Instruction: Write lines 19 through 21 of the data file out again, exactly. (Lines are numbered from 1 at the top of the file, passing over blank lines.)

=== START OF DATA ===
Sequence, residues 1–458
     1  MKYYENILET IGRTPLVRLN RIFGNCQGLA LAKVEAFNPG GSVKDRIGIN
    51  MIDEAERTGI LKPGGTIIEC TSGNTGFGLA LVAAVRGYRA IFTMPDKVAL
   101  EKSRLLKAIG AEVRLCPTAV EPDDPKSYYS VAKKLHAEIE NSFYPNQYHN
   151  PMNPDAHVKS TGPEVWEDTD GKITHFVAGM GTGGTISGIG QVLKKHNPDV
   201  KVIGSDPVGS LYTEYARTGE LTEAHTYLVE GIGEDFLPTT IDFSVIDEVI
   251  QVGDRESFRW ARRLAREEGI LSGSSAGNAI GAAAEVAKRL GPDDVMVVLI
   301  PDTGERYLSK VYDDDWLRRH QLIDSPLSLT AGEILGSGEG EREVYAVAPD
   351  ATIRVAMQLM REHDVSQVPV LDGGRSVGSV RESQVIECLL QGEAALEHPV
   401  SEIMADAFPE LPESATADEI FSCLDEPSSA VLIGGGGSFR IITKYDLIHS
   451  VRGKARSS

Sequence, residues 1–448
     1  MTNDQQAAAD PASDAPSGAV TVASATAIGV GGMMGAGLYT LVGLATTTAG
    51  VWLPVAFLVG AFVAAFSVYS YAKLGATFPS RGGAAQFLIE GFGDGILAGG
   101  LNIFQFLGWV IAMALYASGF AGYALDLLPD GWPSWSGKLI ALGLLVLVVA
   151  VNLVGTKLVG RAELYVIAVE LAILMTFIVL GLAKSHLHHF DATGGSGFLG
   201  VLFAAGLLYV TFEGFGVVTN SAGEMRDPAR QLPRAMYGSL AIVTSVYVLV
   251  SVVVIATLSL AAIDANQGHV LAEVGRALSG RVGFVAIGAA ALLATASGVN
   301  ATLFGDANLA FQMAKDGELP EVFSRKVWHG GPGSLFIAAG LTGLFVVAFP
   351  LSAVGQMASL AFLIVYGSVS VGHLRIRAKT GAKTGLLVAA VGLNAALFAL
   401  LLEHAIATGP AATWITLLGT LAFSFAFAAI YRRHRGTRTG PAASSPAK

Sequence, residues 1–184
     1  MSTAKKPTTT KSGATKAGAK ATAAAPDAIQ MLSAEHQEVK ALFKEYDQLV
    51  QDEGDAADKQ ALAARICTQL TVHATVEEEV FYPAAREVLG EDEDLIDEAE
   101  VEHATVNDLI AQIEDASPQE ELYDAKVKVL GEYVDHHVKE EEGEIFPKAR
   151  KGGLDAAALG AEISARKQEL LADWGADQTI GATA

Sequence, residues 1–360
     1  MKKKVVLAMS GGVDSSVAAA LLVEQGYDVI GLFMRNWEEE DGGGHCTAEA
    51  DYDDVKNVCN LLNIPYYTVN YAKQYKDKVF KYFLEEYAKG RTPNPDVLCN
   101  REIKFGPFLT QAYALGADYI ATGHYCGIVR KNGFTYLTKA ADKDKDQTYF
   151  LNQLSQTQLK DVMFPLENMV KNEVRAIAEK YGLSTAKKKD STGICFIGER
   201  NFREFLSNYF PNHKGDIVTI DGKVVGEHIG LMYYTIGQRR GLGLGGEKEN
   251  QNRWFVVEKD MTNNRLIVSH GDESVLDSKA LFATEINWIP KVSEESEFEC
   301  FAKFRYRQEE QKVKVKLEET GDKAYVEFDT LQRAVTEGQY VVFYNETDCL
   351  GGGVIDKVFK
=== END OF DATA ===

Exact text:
   301  ATLFGDANLA FQMAKDGELP EVFSRKVWHG GPGSLFIAAG LTGLFVVAFP
   351  LSAVGQMASL AFLIVYGSVS VGHLRIRAKT GAKTGLLVAA VGLNAALFAL
   401  LLEHAIATGP AATWITLLGT LAFSFAFAAI YRRHRGTRTG PAASSPAK